“This partnership underlines Channel 4’s commitment to nurturing talent in the north of England. I’m delighted that we’re increasing our backing over the next three years so this new partnership with New Writing can help launch the careers of many more television writers,” said Sinéad Rocks, Managing Director, Nations & Regions at Channel 4.

“This initiative coupled with the wide range of projects being undertaken by our training and development team, 4Skills, will open opportunities to hundreds of people who might never have thought a career in the broadcast industry was for them.”

[Read the full article]

Tell this AI your story's themes, and it'll write the first paragraph for you

rockpapershotgun.com – Saturday February 5, 2022

Writing, I can tell you as a professional, is the most important yet difficult thing anyone has ever done in the world. I am therefore extremely grateful for Narrative Device, a browser-based AI doodad which generates the opening paragraph of a story based on two themes or things you feed into it. Finally, some help for the writers of the world! It's potentially interesting and useful, or at the very least it is fun to make a computer say silly things.

Narrative Device offers to provide "inspiration for a story from an AI", eating the themes you suggest to write the opening paragraph. Its creator, Rodolfo Ocampo, explains, "I am doing this to explore creative augmentation using AI, and human-AI creative collaboration" (the topic of his PhD research). It uses the much-vaunted OpenAI GPT3 API, which is trained in natural language from terabytes of text from websites, books, and Wikipedia pages. You know, the AI behind the latest version of AI Dungeon. That one. But here it's used to help the poor, struggling writers of the world, who I think we can all accept are the real heroes.

[Read the full article]

Paradigm Hires Voltage Pictures Film Exec Babacar Diene, Ups Four To Agent

deadline.com – Saturday February 5, 2022

Paradigm on Thursday said it has hired Babacar Diene, the veteran film financing, sales and production executive who had been a VP at Voltage Pictures. He will become a Content Agent at Paradigm, which also said today it has promoted four staffers to agents.

Diene, based in Los Angeles, was most recently VP Acquisitions & Development at Voltage, the international finance, production and distribution company he joined in 2012. During his tenure he co-produced titles including Ava, starring Jessica Chastain, Colin Farrell, John Malkovich, Common and Geena Davis; Good Kids starring Nicholas Braun, Zoey Deutch and Julia Garner; Fathers & Daughters, starring Russell Crowe, Amanda Seyfried and Aaron Paul; and Pay the Ghost starring Nicolas Cage. His executive producer credits at Voltage include Time Is Up, Archenemy, Safer at Home, Redemption Day, Follow Me and Drive Hard.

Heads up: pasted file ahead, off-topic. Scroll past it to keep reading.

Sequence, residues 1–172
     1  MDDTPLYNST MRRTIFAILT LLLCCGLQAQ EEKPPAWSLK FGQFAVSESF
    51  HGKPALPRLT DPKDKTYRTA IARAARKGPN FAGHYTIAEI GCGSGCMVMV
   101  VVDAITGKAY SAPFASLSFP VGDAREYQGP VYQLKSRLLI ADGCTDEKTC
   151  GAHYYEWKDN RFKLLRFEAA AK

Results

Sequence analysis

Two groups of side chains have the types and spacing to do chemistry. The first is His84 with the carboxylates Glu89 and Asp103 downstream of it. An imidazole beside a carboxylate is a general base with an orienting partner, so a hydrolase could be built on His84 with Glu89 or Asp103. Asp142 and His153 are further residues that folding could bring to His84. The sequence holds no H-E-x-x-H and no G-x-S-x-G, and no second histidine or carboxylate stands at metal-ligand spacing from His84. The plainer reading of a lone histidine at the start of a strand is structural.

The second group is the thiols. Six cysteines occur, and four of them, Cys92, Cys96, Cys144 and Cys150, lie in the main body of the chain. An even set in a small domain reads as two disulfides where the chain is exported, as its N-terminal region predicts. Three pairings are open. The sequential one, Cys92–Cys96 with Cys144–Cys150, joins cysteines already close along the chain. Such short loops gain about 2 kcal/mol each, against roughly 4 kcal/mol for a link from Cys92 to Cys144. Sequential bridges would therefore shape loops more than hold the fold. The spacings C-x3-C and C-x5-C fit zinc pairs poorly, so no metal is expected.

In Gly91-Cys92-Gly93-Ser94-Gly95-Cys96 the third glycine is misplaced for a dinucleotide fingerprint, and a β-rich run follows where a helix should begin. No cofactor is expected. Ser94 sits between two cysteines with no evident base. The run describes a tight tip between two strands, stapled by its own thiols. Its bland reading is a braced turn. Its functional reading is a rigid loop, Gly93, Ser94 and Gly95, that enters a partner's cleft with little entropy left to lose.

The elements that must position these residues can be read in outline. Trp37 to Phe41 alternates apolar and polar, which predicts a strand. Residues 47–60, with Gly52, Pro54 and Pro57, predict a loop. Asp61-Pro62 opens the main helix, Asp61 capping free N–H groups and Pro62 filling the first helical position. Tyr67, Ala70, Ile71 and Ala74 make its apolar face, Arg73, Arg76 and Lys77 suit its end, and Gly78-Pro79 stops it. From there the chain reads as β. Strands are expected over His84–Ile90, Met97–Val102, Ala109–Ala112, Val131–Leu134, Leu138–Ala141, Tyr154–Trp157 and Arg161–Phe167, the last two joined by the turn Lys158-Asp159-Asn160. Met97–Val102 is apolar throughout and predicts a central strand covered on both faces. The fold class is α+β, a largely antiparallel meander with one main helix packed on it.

[Read the full article]

Interview: Publisher aims to revive short story market

authorlink.com – Wednesday February 2, 2022

For new writers, short story anthologies are a wonderful way to explore a range of styles and get a sense of what editors are looking for in contemporary fiction. For spouses, Mark Wish and Elizabeth Coffey developing an anthology was a way to help keep the short story form alive and offer something new and interesting to readers. They created Coolest Stories Press and put out a call for Coolest American Stories 2022, which was just released. They share their process here:

[Read the full article]

Tales of the unexpected: the surprise boom in UK short stories

theguardian.com – Sunday January 30, 2022

The literary form is enjoying a renaissance, with the pandemic allowing people more time to consume and produce it

Before the pandemic, Deborah Yewande Bankole was on what she describes as a “steady diet of short stories”. She loved seeking out emerging writers and admired the work of Nana Kwame Adjei-BrenyahJulia Armfield and Danielle Evans, but had not considered writing one of her own.

So during lockdown, when furloughed from her job as a creative producer, she found herself with the time to sit down and write, and was surprised when what materialised was her own first short story.

 

Less than two years on, she has completed a six-month writing course at independent publisher Dahlia Books, been awarded a mentorship by Word Factory, the national short story organisation, with author Toby Litt and hopes to publish a short story soon. “Short story writing allows you to do things in literature in a variety of different ways that perhaps long-form writing doesn’t,” she said.

[Read the full article]